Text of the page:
A platform focused on small and mid-sized retailers, Inventa snags BRL 115 million Series A
Inventa's co-founders: Fernando Carrasco, Marcos Salama and Laura Camargo. Photo: Courtesy

A platform focused on small and mid-sized retailers, Inventa snags BRL 115 million Series A

With a round led by VC firms Andreessen Horowitz and monashees, the startup aims to increase its customer base from just over 20,000 to more than 200,000

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Inventa, a Brazilian digital platform that connects more than 20,000 small and mid-sized retailers to nearly 400 suppliers ranging in categories such as cosmetics, decoration, and grocery, announced on Monday (24) a BRL 115 million Series A round. The funding, which comes less than three months after the BRL 30 million Seed round, was led by Andreessen Horowitz – this would be its second investment in Brazil after proptech Loft – and monashees.

The funding round also included Founders Fund, Greenoaks, Greylock, Tiger Global, and the angel investors Hans Tung and Carlos Gracia, from Kavak, as well as existing investors such as Pear VC, NXTP, ONEVC, MAYA Capital, and Alter Global.

With the newly raised funds, the company plans to increase its team fivefold by the end of 2022, focusing mainly on technology and marketing teams, to grow its customer base to around 200,000, and take its first steps to go international. The startup currently has about 100 employees.

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In an interview with LABS, Marcos Salama, one of Inventa’s co-founders, said that the company founded in March 2021 has been doubling in size each month and that one of the big goals besides growing in clients, is to have them using the platform more frequently. “Considering about 5 million small businesses in Brazil, with this growth we will only be scratching the surface.”

Most of the retailers are in the Southeast region, but the startup serves all over Brazil. They buy, on average, 5% to 10% of their inventory through Inventa. The idea is that they can buy 50% or more.

“A lot of our success comes from the fact that we are reaching clients beyond the big urban centers, for whom it is sometimes difficult to access a wider range of suppliers. If the retailer already buys 3 or 5 brands from us, they can buy 30. As it becomes more digital, the merchant will buy more as well, having a better experience, and better data,” said Salama, who, before founding Inventa, together with Fernando Carrasco (former BCG) and Laura Camargo (who worked for funds such as General Atlantic and Pátria, as well as Gympass), led Rappi‘s grocery store unit.

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More than just connecting entrepreneurs with suppliers, Inventa helps them set up the ideal product mix based on data and offers zero-cost credit support. “That’s the idea, right? Inventa only works if both sides of the equation are better off: with suppliers selling at zero cost to their existing customers, and retailers buying the products with better conditions. We make money on new customers, with a 15% commission on sales,” explained Salama.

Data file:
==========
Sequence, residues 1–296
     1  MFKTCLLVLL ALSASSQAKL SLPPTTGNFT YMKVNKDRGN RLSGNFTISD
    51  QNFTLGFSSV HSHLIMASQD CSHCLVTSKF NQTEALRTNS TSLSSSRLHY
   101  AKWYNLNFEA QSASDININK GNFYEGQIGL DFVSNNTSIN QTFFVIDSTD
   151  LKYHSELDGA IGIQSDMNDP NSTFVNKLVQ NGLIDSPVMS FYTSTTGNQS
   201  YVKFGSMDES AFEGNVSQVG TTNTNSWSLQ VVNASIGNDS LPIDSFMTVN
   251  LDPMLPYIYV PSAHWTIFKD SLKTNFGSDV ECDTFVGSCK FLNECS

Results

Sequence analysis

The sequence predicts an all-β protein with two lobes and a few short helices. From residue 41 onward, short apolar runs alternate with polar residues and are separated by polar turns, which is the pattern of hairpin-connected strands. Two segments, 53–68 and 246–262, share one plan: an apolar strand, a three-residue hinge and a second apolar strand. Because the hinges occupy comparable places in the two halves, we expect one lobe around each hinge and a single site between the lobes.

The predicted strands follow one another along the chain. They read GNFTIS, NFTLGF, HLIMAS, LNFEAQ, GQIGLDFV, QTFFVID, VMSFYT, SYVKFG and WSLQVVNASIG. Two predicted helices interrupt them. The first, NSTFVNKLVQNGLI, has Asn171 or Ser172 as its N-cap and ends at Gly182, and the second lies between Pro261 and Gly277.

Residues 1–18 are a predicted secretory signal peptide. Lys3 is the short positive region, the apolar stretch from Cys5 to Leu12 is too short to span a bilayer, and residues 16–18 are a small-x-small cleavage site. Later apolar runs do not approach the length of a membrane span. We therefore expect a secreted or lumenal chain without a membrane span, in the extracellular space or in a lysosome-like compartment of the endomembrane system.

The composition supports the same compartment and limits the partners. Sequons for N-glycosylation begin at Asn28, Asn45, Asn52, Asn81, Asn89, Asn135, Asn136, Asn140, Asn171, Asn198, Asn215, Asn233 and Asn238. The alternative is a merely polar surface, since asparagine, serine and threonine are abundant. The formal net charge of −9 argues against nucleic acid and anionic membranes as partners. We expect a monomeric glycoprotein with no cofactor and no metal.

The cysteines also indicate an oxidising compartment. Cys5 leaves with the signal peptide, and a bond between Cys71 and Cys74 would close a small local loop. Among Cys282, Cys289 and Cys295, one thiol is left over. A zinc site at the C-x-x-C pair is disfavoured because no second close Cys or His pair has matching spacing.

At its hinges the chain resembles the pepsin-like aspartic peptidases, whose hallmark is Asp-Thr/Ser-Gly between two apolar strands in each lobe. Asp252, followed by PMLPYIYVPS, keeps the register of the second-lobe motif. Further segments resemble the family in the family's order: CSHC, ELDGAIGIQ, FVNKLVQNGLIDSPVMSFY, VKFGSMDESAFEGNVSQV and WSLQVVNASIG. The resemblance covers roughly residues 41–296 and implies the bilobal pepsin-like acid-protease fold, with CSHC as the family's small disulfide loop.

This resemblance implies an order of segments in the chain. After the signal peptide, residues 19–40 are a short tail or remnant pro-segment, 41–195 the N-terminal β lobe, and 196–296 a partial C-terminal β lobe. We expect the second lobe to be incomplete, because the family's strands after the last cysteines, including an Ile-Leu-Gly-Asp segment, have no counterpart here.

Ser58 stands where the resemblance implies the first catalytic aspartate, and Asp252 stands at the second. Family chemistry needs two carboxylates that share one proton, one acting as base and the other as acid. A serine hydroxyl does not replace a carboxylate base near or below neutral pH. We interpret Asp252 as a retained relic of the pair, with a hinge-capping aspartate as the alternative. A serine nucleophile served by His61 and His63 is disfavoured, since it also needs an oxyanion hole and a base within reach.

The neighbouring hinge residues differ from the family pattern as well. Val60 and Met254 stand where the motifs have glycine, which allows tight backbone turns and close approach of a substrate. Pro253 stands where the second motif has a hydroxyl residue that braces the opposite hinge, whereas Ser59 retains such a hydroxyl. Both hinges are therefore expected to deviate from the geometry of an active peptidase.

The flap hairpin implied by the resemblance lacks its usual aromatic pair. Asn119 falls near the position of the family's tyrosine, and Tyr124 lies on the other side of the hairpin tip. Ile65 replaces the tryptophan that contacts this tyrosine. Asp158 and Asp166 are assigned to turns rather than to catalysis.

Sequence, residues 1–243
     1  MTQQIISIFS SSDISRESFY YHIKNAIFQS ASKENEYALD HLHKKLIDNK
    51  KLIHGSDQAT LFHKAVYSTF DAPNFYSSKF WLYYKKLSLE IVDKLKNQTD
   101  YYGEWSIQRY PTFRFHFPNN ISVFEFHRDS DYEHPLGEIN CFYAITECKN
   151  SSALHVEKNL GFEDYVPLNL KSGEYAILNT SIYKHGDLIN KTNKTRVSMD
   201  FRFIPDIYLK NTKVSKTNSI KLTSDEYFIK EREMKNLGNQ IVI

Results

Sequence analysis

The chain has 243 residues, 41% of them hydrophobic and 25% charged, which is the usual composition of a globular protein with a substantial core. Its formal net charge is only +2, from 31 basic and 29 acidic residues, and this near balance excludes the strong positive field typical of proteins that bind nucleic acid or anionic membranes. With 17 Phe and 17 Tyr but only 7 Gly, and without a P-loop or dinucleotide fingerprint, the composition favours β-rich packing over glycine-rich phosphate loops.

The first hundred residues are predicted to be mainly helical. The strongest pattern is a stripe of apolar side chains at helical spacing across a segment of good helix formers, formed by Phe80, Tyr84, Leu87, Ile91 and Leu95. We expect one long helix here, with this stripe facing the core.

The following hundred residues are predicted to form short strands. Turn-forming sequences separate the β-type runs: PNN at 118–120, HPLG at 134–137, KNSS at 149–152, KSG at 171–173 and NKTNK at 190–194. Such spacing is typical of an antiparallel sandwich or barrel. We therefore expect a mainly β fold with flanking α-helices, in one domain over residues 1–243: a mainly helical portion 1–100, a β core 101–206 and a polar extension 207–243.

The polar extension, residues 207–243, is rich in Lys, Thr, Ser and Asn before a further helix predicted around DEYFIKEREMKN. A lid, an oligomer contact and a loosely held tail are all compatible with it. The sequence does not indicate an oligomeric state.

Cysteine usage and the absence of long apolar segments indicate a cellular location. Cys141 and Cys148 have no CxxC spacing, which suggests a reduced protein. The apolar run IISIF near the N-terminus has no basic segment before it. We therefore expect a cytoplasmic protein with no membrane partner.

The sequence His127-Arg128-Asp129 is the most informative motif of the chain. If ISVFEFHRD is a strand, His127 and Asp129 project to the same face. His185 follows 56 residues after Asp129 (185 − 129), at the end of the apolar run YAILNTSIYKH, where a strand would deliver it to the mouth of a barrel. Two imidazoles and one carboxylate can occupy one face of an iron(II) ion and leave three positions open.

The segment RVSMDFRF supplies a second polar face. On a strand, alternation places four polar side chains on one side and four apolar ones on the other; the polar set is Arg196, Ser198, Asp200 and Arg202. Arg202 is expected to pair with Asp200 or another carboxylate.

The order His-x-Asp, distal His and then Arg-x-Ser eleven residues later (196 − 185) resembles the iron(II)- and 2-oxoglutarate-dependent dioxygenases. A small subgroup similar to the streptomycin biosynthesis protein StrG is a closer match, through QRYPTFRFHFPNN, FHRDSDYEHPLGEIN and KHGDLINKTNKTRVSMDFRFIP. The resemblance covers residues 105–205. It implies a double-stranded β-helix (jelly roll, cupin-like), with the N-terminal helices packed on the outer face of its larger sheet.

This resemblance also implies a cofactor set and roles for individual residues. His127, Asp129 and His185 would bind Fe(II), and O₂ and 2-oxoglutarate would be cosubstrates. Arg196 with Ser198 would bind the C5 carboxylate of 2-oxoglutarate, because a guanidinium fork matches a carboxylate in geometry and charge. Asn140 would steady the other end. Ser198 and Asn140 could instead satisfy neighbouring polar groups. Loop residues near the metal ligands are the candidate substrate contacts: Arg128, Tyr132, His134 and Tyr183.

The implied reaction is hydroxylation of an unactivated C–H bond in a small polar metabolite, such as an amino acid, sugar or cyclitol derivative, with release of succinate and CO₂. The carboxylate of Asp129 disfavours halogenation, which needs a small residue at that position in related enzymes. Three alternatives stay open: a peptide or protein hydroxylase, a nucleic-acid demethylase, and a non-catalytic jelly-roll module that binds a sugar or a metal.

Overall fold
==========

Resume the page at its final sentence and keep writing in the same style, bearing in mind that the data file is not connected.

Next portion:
On average, retailers have pre-approved credit of BRL 1,500 or BRL 2,000 within the platform. They pay no interest on these transactions and have 30 to 90 days to pay off the loan taken, in installments.

As for the product mix, it is done considering not only the needs the retailers bring, based on the wishes of their clients, but also looking at nearby rivals, at suppliers of similar products that may have better prices, and at other data that, as the platform grows, will become more complete. Operating for only nine months, Inventa has about 6,000 products in its inventory from suppliers such as Davene, Lovme and Ruby Rose in the cosmetics category, and Mais Pura in grocery.

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“For small retailers and entrepreneurs in Brazil, the whole process of new product finding, buying, and accessing credit is quite complex. Inventa has an amazing potential to help them be more competitive and successful, making this whole dynamic easier and adding a lot of value to these businesses. Marcos and his team are just at the beginning of their journey, and we couldn’t be more excited about our partnership,” said Carlo Dapuzzo, from monashees, in a statement to the press.

For the next 12 to 18 months Inventa’s primary focus is on Brazil, but Salama does not exclude the idea of doing a pilot project in Colombia or Mexico early next year. We still have a lot to do in Brazil, but expansion [to other Latin American countries] is a matter of when rather than if.”